Amazon Payments Gets Retailers to ‘Open Kimono’ to Competitor
Amazon.com Inc.'s relaunch of its online payments business in 2013 was greeted with skepticism. PayPal Holdings Inc. had a huge head start and credit card companies like Visa Inc. already had products that made buying something on the Web as easy as swiping a card.
It seemed doubtful digital shop owners would want to team up with Amazon and share valuable information about their best-selling products and prices. And yet: "There's a market for selling your soul to the devil," said Gil Luria, a Wedbush Securities analyst. "When you accept Amazon Payments, you get access to the coveted Amazon customers. The trade-off is you are opening your kimono to your biggest competitor."
It's a risk some companies are willing to take. Amazon does not disclose the number of businesses using Amazon Payments, but since the service launched in 2013, more than 23 million customers have used their Amazon accounts to pay for things on other businesses' websites. Southwest Airlines Co., Gogo Inc., which provides in-flight internet access, and Comcast Corp.'s online tee-time booking site GolfNow all use it. Their ranks tripled in 2015, Amazon said.
Many small businesses say that Amazon Payments saves their customers time and hassle, and that's enough for them. "It's an order saver," said Peter Grant, general manager of AuthenticWatches.com, which sells watches that cost thousands of dollars. About a quarter of his orders are paid for through Amazon accounts. Grant doesn't have to verify the identities of his customers; Amazon does it for him.
Amazon’s payments business is following a typical script. The company launches a new product or service with little fanfare and slowly builds it, forsaking profits as long as it sees potential. This is how the company built its online video-streaming business, among others.
Last year, Amazon hired Patrick Gauthier from PayPal where he ran emerging retail services. He's now leading the expansion of Amazon Payments.
"Why would we make it easy for customers to buy elsewhere? Because we know it solves a problem in their life," Gauthier said. "It is the same logic as video. It deepens our relationship with customers."
Amazon wants to capture as much business as possible from consumers shifting their spending from stores to desktop computers and smartphones, even if the transaction isn’t done on Amazon.com. Processing payments is another way to do that by charging merchants 2.9 percent plus 30 cents for each transaction handled by Amazon.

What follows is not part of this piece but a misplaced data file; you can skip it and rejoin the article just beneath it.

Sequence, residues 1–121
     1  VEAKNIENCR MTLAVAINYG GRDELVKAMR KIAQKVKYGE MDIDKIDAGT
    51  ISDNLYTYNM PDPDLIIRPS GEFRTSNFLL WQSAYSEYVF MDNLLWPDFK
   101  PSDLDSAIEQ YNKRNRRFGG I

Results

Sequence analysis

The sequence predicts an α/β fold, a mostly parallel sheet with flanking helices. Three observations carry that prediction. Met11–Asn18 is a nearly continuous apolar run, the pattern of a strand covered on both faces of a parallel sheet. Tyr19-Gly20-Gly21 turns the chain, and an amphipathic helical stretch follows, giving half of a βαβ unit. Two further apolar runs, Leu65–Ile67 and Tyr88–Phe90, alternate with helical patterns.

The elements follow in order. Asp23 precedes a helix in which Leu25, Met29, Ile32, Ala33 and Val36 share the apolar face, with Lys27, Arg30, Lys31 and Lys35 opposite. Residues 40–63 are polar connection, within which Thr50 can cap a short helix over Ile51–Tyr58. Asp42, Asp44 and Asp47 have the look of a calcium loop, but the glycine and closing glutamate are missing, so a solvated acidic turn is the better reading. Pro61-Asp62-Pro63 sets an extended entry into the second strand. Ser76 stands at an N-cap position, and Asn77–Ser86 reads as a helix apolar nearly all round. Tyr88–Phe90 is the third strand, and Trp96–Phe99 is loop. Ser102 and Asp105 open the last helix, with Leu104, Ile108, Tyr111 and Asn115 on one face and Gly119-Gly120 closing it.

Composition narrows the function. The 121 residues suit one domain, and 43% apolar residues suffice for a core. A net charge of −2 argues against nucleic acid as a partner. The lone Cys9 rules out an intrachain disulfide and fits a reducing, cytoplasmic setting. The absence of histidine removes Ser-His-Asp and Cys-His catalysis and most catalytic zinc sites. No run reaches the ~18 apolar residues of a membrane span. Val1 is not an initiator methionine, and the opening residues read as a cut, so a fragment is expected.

PayPal is still the number one choice for online payments, processed $82 billion in transactions for nearly 180 million shoppers. But some independent businesses say that when they offer Amazon Payments, customers choose it over PayPal.
Online women’s clothing store Red Dress Boutique added Amazon Payments to its website in April and within a week, about 20 percent of all orders went through the service, surpassing PayPal, said Josh Harbour, who co-owns the company with his wife Diana.
"It’s easy to think of Amazon as a big bad competitor, and that’s true," Harbour said. "But merchants have to find ways to compete with them in some areas and work with them, too."
R. Riveter, a North Carolina company that sells bags made by the spouses of U.S. soldiers, switched from PayPal to Amazon Payments in February, two days before the company was featured on the television show "Shark Tank." In anticipation of the show airing, founder Lisa Bradley expected a surge in orders, prompting the switch.
She says about 30 percent of customers chose to pay with Amazon since the conversion, compared to the 13 percent share previously handled by PayPal, which the company had been using for about three years.
Small businesses may like Amazon Payments, but larger retailers will never sign on, said Jordan McKee, payments analyst at 451 Research. "We will never see Walmart or Target take any measure to align themselves with Amazon," he said. "It’s retail suicide."
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